What should I do?
Navigating the world of HIPAA can be difficult; and in the event of discovering a breach, many are unsure of how to proceed. According to the Department of Health and Human Services (HHS) and the Office for Civil Rights (OCR), “a breach is an impermissible use or disclosure of protected health information (PHI).”
Covered entities are required to report a breach to the OCR within 60 days as well as conduct an internal assessment to determine the risk levels of the breach. Even one instance of breached PHI runs the risk of resulting in an audit. Devastating fines are oftentimes the result of disregarding the necessary steps due to negligence or inconvenience. Having a team of professionals on your side who understand HIPAA can make an immense difference in the handling and reporting of a breach. Breaches are going to occur; the question is, are you prepared to resolve them when they do?
We have your back
A client recently reached out to the Audit support team at HIPAA One asking for assistance in addressing a complaint filed against them to the OCR. A document containing PHI was mailed to the wrong patient, and the recipient filed a formal complaint. Upon hearing about the complaint and knowing the possible repercussions of a mishandled PHI breach, they contacted HIPAA One for support.
Our experienced team of professional auditors walked them through the process of filling out an incident response form (provided by us), conducting a risk assessment, and reporting the breach to the OCR. Because of the swift and thorough actions taken by this client, the OCR determined that they had done a complete investigation and no further action was necessary.
What did this organization do right? First and foremost, they acted quickly to remediate the issue. They recognized where there were gaps in their knowledge, and they sought the necessary help. They documented their actions, created a breach timeline, and notified the appropriate parties.
Critical steps to take following the discovery of a potential breach
If you have discovered a potential breach, it is first helpful to determine whether the breach is a security incident or a privacy incident. Generally, a security incident is a consequence of improper computer security policies or practices. All other incidents involving compromised PHI is more than likely a privacy incident. In general, security incidents have a much wider reach in terms of individuals affected and require extensive technical revisions to re-establish network security.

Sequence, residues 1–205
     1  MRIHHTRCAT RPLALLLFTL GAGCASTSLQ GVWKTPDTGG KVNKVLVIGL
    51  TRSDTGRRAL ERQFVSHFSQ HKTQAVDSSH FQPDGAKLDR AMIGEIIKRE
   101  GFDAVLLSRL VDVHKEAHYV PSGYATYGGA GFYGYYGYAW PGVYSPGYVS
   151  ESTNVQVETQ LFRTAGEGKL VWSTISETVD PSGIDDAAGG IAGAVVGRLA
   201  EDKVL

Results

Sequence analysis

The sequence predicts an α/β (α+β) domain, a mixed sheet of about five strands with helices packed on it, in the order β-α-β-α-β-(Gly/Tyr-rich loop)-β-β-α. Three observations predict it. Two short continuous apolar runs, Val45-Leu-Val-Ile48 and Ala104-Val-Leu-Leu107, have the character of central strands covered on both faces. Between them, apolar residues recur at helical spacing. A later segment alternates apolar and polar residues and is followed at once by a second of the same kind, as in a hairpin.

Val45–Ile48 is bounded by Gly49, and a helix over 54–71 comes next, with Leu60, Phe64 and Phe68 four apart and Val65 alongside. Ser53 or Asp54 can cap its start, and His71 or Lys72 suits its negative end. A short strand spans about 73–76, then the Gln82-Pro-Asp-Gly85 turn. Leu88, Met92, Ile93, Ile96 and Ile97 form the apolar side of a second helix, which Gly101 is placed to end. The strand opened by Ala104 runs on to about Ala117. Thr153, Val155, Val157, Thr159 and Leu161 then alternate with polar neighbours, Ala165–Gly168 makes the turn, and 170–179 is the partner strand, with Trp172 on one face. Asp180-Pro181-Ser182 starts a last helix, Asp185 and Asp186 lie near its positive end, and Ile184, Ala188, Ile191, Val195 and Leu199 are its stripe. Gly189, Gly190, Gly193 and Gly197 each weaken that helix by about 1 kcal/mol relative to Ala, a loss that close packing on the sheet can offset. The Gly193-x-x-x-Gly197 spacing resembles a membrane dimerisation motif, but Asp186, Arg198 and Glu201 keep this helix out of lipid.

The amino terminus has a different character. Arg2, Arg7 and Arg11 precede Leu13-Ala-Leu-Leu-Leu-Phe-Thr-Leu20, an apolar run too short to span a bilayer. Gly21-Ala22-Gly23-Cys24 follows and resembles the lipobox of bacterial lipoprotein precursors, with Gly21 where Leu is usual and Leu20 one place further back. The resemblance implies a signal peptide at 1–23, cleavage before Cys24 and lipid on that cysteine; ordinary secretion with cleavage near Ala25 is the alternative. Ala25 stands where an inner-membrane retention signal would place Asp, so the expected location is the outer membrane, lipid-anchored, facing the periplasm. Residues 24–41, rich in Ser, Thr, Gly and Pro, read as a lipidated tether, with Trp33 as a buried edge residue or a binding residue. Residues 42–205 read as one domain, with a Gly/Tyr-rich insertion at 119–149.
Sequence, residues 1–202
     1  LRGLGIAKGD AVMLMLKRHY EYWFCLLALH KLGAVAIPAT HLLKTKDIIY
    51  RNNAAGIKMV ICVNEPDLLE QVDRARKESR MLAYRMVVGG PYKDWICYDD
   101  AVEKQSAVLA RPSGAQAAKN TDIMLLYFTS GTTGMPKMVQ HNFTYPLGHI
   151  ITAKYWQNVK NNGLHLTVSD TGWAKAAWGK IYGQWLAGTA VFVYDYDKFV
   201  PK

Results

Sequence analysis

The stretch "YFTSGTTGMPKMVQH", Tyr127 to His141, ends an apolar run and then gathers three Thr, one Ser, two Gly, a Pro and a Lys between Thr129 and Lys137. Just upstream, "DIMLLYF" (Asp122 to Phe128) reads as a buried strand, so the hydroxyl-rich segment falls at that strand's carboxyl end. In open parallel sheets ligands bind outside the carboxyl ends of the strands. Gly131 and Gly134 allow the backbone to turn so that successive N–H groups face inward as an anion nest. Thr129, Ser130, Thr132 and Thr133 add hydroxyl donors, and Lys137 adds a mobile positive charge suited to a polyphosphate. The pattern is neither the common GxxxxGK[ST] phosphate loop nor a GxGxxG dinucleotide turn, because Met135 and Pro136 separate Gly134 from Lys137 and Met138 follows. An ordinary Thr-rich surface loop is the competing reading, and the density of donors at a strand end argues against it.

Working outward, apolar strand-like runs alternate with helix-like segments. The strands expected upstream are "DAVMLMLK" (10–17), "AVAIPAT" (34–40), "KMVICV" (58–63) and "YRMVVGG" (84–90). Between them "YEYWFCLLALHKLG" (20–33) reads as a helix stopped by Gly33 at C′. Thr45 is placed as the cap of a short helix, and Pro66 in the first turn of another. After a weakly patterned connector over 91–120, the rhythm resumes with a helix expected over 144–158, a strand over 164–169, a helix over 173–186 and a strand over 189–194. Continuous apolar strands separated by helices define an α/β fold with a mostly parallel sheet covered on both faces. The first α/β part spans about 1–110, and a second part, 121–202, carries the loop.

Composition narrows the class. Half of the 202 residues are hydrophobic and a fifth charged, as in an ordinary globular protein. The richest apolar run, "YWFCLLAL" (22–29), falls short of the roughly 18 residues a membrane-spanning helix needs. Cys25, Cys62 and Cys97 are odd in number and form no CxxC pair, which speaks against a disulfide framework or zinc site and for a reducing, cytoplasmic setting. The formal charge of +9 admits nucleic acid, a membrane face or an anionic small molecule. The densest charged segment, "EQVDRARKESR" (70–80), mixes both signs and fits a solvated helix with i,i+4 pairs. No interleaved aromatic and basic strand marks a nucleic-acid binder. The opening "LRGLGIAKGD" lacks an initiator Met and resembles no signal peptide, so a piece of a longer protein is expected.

Once you have identified the type of breach, the next step would be to conduct a risk assessment. When conducting the analysis, you should consider the following questions:
- Did a breach actually occur?
- Whose PHI was involved and what is the possible level of harm to those affected?
- Who needs to be notified of the breach?
Documenting actions taken during this process is very important because this is information the OCR needs when notified of a breach. The OCR tries to gauge an organization's knowledge of the breach to determine if they acted with "willful neglect" during the remediation process. The table below explains the penalty tiers associated with these factors.
After completing the risk assessment, an organization should begin notifying the appropriate parties. This includes affected individuals, team members relevant to the situation, and the secretary of the U.S. department of Health and Human Services (HHS).
Prepare for a breach now, not after it happens
These are very basic steps on the process of discovering and reporting a breach, but the reality is that HIPAA laws can be confusing and complex, and it is difficult to know how they apply to your specific situation. One of the benefits of being a HIPAA One client is having access to our full-time audit support team to answer questions or help you begin the breach investigation process. Much like you are a professional in your respective industry, we understand the world of HIPAA enforcement. It’s what we do every day. To learn more about what to do in the event of a breach; or for any other questions regarding HIPAA compliance, contact us at [email protected] or visit our website to schedule an appointment.